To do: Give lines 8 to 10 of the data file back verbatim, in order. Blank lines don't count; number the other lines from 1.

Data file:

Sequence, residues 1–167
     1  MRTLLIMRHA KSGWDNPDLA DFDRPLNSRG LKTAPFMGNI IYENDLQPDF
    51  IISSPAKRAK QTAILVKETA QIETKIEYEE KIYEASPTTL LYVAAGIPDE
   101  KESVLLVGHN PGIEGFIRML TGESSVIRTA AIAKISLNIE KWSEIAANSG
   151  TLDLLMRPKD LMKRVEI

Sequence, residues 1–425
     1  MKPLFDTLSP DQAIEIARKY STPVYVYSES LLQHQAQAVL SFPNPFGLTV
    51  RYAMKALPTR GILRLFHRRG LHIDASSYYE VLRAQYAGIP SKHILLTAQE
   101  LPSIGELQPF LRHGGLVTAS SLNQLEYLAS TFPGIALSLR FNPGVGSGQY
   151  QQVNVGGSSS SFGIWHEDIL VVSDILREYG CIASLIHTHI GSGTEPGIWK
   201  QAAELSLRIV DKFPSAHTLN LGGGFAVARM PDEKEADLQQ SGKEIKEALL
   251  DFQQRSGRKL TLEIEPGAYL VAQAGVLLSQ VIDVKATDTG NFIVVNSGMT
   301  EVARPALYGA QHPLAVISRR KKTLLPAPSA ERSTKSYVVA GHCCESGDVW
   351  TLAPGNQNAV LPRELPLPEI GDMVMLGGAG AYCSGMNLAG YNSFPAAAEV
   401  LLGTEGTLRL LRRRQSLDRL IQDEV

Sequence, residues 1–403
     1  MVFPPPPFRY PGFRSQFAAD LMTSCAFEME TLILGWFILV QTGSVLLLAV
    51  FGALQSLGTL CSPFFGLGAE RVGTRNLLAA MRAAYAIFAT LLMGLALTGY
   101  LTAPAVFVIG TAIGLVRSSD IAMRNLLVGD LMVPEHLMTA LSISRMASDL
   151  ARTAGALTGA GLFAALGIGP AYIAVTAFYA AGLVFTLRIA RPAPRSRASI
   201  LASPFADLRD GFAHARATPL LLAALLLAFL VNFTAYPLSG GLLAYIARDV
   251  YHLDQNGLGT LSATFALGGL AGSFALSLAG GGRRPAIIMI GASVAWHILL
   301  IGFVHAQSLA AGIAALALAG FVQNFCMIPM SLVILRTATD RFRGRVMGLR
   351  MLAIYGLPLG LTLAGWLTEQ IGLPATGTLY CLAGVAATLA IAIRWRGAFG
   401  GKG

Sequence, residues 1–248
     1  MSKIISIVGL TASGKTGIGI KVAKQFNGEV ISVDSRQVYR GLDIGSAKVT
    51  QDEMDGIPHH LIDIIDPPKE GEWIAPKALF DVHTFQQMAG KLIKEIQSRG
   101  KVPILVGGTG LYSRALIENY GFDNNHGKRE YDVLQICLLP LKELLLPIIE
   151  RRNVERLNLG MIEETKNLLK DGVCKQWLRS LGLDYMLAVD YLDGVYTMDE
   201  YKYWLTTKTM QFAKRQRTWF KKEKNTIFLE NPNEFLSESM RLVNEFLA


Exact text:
    51  RYAMKALPTR GILRLFHRRG LHIDASSYYE VLRAQYAGIP SKHILLTAQE
   101  LPSIGELQPF LRHGGLVTAS SLNQLEYLAS TFPGIALSLR FNPGVGSGQY
   151  QQVNVGGSSS SFGIWHEDIL VVSDILREYG CIASLIHTHI GSGTEPGIWK